Grand Rapids Publishes Climate Resiliency Report

PictureNote: Haris will be joining TriplePundit for a live chat on Wednesday, December 11 at 2pm Pacific/5pm Eastern.

By Haris Alibašić

The climate knot

“Climate change impacts each sector in isolation, but it also impacts the interaction of each to others and the function of the system as a whole.  Therefore, understanding the needs of the community, major relationships between sectors, and the ability of the sectors to provide those needs in a changing climate world is key to building resilience.”  (Grand Rapids Climate Resiliency Report, 2013)

System approach to understanding localization of climate change

Using the system-wide approach to understanding climate change and concrete impacts on the local community, West Michigan Environmental Action Council (WMEAC) in partnership with the City of Grand Rapids, developed the first of its kind, Climate Resiliency Report. After over 12 months of collaboration, interviews, and research, the report was presented to the City Commission on December 3, 2013, and made available to the public. Impressive aspects of the report include its focus on localization of climate change impact, and a specific set of recommendations to build resiliency in the local community and strengthen disaster recovery and resilience by local government. Goals of the report are to potentially initiate discussion and further enhance projects, policies, programs, and planning actions enabling Grand Rapids to mitigate the effects of climate change, to adapt to its impacts, and to utilize emerging sustainability opportunities.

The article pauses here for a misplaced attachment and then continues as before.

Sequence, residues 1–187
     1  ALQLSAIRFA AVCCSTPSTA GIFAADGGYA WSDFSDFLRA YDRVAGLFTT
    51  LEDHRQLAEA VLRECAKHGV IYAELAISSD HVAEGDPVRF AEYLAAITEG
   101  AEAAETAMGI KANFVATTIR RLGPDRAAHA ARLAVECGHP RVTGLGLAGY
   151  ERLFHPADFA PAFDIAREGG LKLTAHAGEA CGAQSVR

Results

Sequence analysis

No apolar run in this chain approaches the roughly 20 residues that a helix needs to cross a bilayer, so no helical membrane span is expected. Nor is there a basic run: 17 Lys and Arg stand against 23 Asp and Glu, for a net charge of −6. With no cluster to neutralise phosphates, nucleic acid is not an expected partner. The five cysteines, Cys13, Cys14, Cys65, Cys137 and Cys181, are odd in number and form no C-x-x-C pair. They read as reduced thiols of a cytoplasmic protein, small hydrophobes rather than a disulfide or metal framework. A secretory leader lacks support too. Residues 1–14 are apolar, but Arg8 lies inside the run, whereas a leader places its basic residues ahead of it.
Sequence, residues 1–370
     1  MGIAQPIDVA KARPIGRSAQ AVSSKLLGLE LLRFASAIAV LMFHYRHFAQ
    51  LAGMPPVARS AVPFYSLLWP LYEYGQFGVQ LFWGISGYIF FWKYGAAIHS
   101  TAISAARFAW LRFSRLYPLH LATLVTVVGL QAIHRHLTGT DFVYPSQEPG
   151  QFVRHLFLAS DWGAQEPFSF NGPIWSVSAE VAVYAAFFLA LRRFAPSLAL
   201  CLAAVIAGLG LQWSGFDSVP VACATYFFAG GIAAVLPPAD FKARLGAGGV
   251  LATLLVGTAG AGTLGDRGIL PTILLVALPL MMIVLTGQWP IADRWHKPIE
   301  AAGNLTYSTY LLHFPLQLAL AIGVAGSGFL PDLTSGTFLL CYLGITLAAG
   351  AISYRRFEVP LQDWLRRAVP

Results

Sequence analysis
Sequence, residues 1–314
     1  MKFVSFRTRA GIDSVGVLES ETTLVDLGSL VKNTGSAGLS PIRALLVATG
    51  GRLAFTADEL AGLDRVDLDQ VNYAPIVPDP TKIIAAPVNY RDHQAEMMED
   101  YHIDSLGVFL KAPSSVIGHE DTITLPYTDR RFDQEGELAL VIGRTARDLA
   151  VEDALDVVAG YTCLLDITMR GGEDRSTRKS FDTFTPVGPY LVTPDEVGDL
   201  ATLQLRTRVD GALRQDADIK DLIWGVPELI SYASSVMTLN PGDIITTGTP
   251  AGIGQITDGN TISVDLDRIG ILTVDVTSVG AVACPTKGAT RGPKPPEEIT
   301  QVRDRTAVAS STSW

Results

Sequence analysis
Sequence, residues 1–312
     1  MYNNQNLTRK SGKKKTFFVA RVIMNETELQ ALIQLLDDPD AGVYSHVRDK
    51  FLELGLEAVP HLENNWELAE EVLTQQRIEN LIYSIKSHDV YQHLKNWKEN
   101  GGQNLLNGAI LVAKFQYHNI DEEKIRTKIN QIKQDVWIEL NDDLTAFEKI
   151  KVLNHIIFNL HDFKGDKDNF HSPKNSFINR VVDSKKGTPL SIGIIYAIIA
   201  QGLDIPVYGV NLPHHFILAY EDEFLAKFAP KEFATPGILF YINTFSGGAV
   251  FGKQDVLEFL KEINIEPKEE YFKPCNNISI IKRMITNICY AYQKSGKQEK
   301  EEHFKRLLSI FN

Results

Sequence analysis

The report was funded from a portion of the grant sponsored by Walmart, which the City of Grand Rapids received as part of the 2012 U.S. Conference of Mayors’ Climate Protection Award, recognizing the City and Mayor George K. Heartwell as the nation’s top winner in the large cities category. The winning communities were acknowledged for their commitment to sustainability planning and local climate protection efforts to reduce greenhouse gas emissions.

In the words of Nicholas Occhipinti, WMEAC Policy Director, and one of the co-authors of the report,

[The report was] developed using local experts’ knowledge of climate science and in-depth analysis of existing data. Twenty-five interviews were conducted with contributions from a broad range of community sectors. Interviewees represented the following perspectives:  Insurance, Academia, Regional Planning, Transportation, Food Systems, Emergency Preparedness, Sustainability, Environmental Services, Community Infrastructure, Forestry, Finance, Public Safety, Built Environment, Community Essential Needs, Engineering, and Energy.”

Partnership opportunities in the sustainability field in Grand Rapids also contributed to the report. Universities in Grand Rapids have been proven partners on the issues of sustainability and climate resiliency for the City. Dr. Elena Lioubimtseva from Grand Valley State University used the MAGICC/SCENGEN 5.2.3 (Model for the Assessment of Greenhouse-gas Induced Climate Change with the Regional Scenario Generator) modeling software for an analysis of Grand Rapids to square area of 2.5o (175 miles) by 2.5o (175 miles).

Localization of climate science